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  • one of Canada's most prolific mass murderers, Dale Nelson, had been still hiding at the scene of his first killing when police left the scene?

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From Wikipedia, the free encyclopedia

Dale Nelson
Occupation Logger[1]
Children Three

Dale Merle Nelson was one of the most prolific Canadian mass murderers, alleged to have killed eight people, including five young children, in 1970 following a drinking binge, and possible use of LSD.[1]

Contents

Life

Nelson was a logger in Creston, British Columbia, married with three children.[1]

An avid sportsman, the 31-year old fell into a depressed state in early 1970 and unsuccessfully attempted suicide.[1] He subsequently spent two months in a Coquitlam mental hospital.[2]

Murders

On September 4, 1970 Nelson drove his blue Chevrolet into Creston and purchased six beers and a bottle of vodka at the liquor store before heading into the Kootenay Hotel where he drank eight beers with friends.[1] He left the tavern to pick up a rifle he had loaned to Maureen McKay, and then purchased 7mm rounds for the gun.[1] He went into the King George Hotel, where he drank another six beers before joining his friends in a private room for more drinks.[1]

Just after midnight, he drove to the home of his aunt Shirley Wasyk, knowing her husband Alex was not home. He tied Shirley's hands behind her back and left her on her bed, then began gathering his three young cousins in the youngest's bedroom. 12-year old Debbie found her mother and untied her hands, then threw a fire extinguisher through a window and escaped, running to the McKay household; from where the Royal Canadian Mounted Police was called.[1]

When officers arrived at the Wasyk home, with Nelson's truck still parked outside, they found Shirley had been beaten to death with the fire extinguisher, and 7-year old Tracey had been killed with multiple stab wounds.[1] They immediately drove to the Nelson household where they evacuated his wife and children, fearing that they may be the next targets. When they returned to the Wasyk home fifteen minutes later, they were "stunned" to realise that Nelson had still been at the scene of the crime and driven away with Tracey's body as soon as they had left.[1]

Shortly afterward, Isabelle St. Amand, who lived a few kilometres down the road from the Wasyks, phoned the police to report "There's a man here with a gun". By the time police arrived, St. Amand, her common-law husband Ray Phipps, their two sons and infant had all been shot in the head.[1] Their 8-year old daughter Cathy was missing, and police immediately launched a manhunt employing bush pilots to scour the countryside for Nelson's truck. It was found stuck in a ditch, and when police searched the vehicle they found a bloodied hammer and the bodily remains of Tracey Wasyk scattered around the area.[1] The 150 residents of West Creston were moved into Creston for their own safety, as police continued their search for Nelson.[2]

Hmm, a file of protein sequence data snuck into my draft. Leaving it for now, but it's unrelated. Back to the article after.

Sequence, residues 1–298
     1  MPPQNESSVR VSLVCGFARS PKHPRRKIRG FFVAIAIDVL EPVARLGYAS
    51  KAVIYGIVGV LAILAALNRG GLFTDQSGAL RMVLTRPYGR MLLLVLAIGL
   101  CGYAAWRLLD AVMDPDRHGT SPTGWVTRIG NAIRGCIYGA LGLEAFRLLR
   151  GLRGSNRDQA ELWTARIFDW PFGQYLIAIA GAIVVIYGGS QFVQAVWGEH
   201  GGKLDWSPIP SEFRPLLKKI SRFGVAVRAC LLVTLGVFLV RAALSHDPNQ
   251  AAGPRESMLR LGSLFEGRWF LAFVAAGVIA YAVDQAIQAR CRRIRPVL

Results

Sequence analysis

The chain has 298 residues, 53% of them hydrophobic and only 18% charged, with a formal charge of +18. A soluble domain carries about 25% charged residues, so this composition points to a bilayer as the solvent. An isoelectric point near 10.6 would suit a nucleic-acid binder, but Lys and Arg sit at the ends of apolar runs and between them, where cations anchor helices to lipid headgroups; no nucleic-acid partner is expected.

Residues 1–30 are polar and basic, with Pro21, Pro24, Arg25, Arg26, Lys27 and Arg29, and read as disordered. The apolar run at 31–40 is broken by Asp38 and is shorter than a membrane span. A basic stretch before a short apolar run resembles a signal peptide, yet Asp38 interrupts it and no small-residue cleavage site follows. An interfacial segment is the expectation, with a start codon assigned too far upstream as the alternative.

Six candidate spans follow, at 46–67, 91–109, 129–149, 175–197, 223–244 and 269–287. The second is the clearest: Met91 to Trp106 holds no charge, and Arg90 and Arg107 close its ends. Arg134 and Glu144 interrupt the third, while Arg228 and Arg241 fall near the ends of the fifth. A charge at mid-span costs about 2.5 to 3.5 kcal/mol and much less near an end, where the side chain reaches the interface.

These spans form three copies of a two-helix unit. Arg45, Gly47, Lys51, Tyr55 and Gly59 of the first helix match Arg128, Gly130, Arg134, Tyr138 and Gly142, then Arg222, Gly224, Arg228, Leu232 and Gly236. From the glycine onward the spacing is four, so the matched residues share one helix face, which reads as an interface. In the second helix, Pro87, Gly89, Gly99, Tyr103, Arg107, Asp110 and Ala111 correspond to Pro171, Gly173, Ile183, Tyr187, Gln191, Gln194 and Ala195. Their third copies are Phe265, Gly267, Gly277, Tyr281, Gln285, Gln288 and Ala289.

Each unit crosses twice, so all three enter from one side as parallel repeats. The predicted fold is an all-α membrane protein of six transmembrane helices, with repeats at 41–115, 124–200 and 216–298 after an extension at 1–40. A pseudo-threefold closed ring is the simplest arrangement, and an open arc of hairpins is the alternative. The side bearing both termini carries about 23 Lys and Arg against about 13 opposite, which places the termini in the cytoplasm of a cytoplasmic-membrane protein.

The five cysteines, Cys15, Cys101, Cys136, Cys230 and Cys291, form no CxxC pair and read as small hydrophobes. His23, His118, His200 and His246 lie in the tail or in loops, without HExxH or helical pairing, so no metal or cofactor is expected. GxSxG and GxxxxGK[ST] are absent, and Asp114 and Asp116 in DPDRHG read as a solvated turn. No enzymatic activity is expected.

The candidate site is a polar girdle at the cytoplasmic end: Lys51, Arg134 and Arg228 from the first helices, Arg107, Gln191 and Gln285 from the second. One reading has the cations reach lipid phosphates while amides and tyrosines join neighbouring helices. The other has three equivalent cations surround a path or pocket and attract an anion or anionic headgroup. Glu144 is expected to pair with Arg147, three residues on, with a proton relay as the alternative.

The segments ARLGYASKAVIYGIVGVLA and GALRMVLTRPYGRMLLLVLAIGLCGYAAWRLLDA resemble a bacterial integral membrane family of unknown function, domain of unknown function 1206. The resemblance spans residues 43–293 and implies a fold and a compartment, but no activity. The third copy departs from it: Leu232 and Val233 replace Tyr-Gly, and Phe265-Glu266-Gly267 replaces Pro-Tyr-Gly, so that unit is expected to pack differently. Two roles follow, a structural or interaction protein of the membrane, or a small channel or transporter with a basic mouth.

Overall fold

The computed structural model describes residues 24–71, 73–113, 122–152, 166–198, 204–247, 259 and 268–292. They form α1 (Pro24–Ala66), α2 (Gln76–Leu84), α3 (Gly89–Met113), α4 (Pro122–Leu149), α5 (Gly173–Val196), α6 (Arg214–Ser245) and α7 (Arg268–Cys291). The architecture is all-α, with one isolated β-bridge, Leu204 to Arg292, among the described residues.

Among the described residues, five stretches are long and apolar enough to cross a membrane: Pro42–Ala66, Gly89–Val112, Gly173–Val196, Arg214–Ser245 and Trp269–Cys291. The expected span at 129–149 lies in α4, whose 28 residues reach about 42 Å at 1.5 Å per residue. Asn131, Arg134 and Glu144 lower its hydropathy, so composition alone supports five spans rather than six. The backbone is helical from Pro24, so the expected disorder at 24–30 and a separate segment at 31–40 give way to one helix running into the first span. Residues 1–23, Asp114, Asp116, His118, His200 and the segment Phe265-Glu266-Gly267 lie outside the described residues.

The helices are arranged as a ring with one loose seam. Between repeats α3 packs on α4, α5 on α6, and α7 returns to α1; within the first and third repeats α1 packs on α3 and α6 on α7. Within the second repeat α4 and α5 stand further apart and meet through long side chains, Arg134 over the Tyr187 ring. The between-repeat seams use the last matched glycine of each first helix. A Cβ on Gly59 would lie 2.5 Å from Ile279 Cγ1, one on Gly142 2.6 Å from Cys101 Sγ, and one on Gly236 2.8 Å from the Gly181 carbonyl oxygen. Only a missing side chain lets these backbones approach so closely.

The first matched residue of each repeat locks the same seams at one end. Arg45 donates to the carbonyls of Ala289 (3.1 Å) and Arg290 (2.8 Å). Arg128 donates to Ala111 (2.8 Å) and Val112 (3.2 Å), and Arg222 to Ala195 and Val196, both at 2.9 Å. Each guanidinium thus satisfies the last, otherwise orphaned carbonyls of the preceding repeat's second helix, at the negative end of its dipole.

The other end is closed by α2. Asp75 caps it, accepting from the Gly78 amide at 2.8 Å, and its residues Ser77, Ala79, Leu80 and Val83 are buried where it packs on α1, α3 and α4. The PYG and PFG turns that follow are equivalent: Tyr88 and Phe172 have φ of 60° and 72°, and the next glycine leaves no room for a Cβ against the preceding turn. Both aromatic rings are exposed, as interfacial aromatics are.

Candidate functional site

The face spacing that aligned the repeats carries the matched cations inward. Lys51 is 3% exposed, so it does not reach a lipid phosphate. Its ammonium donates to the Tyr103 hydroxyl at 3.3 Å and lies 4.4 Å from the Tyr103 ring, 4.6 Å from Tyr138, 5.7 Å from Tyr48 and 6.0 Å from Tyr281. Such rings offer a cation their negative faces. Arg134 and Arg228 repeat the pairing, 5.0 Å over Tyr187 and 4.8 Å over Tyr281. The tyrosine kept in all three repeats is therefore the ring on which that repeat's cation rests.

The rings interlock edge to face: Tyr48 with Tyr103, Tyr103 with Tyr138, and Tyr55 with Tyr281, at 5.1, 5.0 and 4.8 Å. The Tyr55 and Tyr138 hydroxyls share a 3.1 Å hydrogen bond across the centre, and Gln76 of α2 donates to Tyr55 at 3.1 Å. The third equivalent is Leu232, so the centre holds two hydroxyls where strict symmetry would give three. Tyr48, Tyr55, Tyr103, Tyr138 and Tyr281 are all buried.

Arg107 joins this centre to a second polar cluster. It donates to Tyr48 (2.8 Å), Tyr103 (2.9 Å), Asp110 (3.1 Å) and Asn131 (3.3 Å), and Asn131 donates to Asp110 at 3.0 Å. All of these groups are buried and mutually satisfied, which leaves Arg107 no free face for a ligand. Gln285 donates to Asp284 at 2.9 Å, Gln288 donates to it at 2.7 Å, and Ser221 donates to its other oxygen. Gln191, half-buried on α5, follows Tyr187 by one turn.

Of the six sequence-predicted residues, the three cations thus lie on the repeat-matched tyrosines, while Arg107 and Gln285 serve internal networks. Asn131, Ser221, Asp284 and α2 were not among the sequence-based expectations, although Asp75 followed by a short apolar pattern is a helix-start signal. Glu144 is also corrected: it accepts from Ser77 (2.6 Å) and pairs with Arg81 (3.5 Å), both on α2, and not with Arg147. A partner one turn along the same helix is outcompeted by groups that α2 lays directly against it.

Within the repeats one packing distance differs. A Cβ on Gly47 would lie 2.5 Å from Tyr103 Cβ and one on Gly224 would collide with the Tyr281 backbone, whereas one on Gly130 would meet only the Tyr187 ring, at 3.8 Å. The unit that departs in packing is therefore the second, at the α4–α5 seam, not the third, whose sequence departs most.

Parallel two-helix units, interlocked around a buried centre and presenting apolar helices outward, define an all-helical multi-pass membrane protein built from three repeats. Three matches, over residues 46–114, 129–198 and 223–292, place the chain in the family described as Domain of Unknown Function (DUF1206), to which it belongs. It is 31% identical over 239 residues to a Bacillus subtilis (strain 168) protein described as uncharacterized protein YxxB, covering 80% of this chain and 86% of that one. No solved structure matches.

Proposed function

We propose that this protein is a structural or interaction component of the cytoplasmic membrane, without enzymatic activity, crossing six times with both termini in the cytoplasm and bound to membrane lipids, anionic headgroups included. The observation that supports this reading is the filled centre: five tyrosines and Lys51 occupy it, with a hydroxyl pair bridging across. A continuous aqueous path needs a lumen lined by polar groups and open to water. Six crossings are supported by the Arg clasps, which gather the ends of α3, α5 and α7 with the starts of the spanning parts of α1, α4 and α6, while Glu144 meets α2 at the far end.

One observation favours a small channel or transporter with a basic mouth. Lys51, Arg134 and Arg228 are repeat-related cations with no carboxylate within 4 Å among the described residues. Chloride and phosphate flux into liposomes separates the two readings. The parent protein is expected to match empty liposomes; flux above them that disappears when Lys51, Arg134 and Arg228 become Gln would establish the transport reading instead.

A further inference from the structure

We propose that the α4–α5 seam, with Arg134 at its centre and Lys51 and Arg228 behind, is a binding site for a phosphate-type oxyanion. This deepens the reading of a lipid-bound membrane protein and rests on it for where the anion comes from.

Dale was located the next day, wandering in the woods near his own home and surrendered to police. He told them that Cathy was dead, and pointed out the location of her body on a map and admitted committing all eight murders.[1]

He was put on trial for the murders of the two girls he had taken with him from the houses, 8-year old Cathy Rose St. Amand whom he had sodomised and 7-year old Tracey Wasyk whose organs he tore out and attempted to eat.[3][4]

Represented by lawyer M. E. Moran,[3] he was found guilty in March 1971, despite his unsuccessful plea of criminal insanity brought about by his heavy drinking and addiction to LSD.[4][5] He was sentenced to life imprisonment.[1]

Legacy

In 1972, Larry Still published "The Limits of Sanity", a book ostensibly about the murders; although Nelson's family have disputed its accuracy.[6]

Nelson died of throat cancer while in prison.

References

  1. ^ a b c d e f g h i j k l m n Haines, Max, "The Collected Works of Max Haines: Volume VI", 2008
  2. ^ a b The Bulletin, Posse catches suspected British Columbia slayer, Sepember 7, 1970
  3. ^ a b Spokane Daily Chronicle, Killing of 8 is admitted by defence, March 26, 1971
  4. ^ a b Kelleher, Michael D. "Flashpoint; The American Mass Murderer", 1997
  5. ^ Kearney, Mark. "The Great Canadian Book of Lists", p. 232
  6. ^ Still, Larry. "The Limits of Sanity", 1972

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